Why Jews should support a Christian law school
A slew of writers and pundits have recently attacked Trinity Western University’s proposed law school. CJN columnist Adam Goldenberg even suggested Jews, and anyone “who truly cares about religious freedom,” should oppose it because this post-secondary institution prohibits same-sex relationships on campus.
I disagree with them. Hence, let’s examine some reasons why Jews should support a Christian law school.
Trinity Western is a small, privately funded Christian liberal arts university based in Langley, B.C. People of different faiths, including Jews, have attended classes and earned degrees in the arts, humanities, business, nursing and theology.
It’s true that Trinity Western supports traditional Christian principles. However, there are no compulsory religion classes, seminars or church attendance.
There are strict guidelines in the university’s Community Covenant Agreement against theft, plagiarism, alcohol and tobacco consumption, and illegal drug use. Students must also agree to refrain from “sexual intimacy that violates the sacredness of marriage between a man and a woman.”
This last point has driven many liberal secularists up the wall.
In 2001, the B.C. College of Teachers declined Trinity Western’s teacher training program because it supposedly prohibited “homosexual behaviour.” This dispute went all the way to the Supreme Court of Canada. In an 8-1 decision, the judges ruled in favour of Trinity Western because “the concern that graduates of TWU will act in a detrimental fashion in the classroom is not supported by any evidence.”
The ruling made sense at the time. It still makes sense now.
Trinity Western is a private university. It doesn’t receive taxpayer funding, and therefore isn’t required to follow the same guidelines that public universities do. They set their own parameters, design their own programs, and admit as many students as desired.
Meanwhile, the university’s application process contains no restrictions against race, religion, gender or sexual orientation. Gay people can apply to Trinity Western. They’ll likely be accepted if they meet the academic requirements. The only thing that’s prohibited are same-sex relationships, which have absolutely nothing to do with post-secondary education.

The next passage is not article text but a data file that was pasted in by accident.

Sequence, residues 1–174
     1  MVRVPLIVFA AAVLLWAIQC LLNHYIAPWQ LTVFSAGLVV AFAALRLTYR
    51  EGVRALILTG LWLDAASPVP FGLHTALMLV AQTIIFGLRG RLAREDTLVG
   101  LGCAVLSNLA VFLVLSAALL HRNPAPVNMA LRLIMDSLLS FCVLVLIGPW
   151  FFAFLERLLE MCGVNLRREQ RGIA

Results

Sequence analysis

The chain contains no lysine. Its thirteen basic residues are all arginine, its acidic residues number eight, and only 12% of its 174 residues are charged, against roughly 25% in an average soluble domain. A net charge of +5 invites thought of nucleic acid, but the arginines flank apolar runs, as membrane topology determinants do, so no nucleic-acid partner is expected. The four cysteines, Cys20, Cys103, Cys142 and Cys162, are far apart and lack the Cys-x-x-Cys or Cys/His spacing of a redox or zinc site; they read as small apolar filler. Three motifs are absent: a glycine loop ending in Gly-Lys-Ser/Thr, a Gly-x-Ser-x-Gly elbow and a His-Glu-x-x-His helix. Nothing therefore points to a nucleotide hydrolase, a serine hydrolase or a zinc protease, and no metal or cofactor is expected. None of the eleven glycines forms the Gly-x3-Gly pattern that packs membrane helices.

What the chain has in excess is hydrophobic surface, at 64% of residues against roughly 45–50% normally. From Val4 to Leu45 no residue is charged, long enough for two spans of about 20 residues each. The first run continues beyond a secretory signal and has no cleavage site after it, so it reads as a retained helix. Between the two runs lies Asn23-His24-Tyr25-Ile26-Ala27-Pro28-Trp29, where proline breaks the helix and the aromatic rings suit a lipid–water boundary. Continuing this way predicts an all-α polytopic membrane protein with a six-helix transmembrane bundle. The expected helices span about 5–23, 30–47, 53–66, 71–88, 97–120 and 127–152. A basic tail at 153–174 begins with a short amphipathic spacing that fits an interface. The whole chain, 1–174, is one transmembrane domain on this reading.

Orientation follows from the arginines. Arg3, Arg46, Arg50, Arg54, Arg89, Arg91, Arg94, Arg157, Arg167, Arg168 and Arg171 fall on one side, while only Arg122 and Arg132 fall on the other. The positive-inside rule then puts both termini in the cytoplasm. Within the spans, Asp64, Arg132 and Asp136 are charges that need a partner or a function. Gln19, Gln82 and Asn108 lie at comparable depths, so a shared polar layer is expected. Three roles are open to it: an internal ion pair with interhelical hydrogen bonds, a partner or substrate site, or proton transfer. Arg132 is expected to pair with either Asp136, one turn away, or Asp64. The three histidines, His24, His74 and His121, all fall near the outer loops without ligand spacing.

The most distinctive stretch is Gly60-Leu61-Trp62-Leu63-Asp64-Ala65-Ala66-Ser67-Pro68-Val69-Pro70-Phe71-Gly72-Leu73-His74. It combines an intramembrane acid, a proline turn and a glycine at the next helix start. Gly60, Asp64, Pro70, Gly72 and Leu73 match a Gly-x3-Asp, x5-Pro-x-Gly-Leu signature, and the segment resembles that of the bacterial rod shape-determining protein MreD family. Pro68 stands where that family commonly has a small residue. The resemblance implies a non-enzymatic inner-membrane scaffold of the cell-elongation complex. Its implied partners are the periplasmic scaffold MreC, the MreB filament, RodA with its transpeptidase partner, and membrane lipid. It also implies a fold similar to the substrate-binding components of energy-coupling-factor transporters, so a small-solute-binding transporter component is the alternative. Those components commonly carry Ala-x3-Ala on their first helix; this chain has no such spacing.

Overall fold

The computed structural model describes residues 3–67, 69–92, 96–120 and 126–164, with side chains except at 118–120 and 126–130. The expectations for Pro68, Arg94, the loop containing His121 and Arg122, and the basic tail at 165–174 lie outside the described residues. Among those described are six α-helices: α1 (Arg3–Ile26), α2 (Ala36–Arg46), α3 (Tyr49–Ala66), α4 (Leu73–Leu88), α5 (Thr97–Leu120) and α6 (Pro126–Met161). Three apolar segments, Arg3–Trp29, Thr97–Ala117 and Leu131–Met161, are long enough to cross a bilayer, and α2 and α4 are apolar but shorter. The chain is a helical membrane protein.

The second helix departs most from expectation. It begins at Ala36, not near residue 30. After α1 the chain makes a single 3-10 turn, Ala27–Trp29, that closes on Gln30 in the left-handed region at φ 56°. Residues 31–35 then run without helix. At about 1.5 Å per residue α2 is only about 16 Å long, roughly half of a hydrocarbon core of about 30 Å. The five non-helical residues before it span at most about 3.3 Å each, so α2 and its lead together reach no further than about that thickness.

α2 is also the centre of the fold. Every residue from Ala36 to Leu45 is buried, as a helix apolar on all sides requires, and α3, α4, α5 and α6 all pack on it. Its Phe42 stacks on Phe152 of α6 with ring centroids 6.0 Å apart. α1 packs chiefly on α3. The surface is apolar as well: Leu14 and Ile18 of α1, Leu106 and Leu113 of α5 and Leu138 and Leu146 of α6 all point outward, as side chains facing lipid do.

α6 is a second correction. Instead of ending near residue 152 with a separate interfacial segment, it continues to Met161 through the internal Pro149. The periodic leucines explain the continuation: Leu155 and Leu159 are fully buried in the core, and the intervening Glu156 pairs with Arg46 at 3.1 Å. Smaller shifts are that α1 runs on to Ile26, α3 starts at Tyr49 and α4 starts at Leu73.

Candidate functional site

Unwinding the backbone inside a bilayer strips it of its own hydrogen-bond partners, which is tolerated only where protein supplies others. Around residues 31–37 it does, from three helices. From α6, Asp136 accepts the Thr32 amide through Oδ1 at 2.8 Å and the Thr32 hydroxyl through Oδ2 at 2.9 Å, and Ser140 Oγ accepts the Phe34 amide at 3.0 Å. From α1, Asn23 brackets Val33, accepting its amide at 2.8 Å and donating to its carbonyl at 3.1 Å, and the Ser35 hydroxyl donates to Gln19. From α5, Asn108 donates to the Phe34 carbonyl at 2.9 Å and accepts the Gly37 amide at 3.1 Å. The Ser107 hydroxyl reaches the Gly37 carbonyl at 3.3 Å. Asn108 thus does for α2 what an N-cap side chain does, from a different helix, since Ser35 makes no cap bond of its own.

In my opinion, any gay or straight person who disagrees with Trinity Western’s support of traditional Christian principles shouldn’t fill out an application form.
We live in a democratic society, and this private university has the right to set their own guidelines. Liberal secularists seem to believe they have the God-given right to dictate the terms and conditions a university must follow - or else.
Guess what? They don’t.
Fortunately, students have the freedom to choose the institutions of higher learning they wish to attend. If they don’t like Trinity Western’s guidelines, there are other Canadian universities to choose from.
That’s why this malicious attack on Trinity Western’s proposed law school is baseless. Similar to the B.C. College of Teachers’ complaint, there’s no proof that graduate students would ever act in a detrimental fashion against their clients.
Those who presuppose the actions of a nonexistent law school are therefore acting in a prejudicial manner. They’ve rejected the very tenets of religious freedom they claim to be defending.
Canadian Jews should understand this position wholeheartedly.
Some families belong to synagogues to teach their children about Jewish history and values. Others attend private Jewish schools, and private post-secondary institutions like New York’s Yeshiva University, to enhance aspects of Jewish learning.
As well, Leviticus 18:22 clearly states, “Thou shalt not lie with mankind, as with womankind: it is abomination.” Deny it if you wish, but traditional Jewish and Christian teachings have some striking similarities.
Does any of this prove observant Jews would act in an adverse manner against other people? Absolutely not, and the same principle follows for observant Christians.
That’s why Jews should support a Christian law school. It helps defend religious customs, religious traditions - and yes, the religious freedom that binds Judaism and Christianity.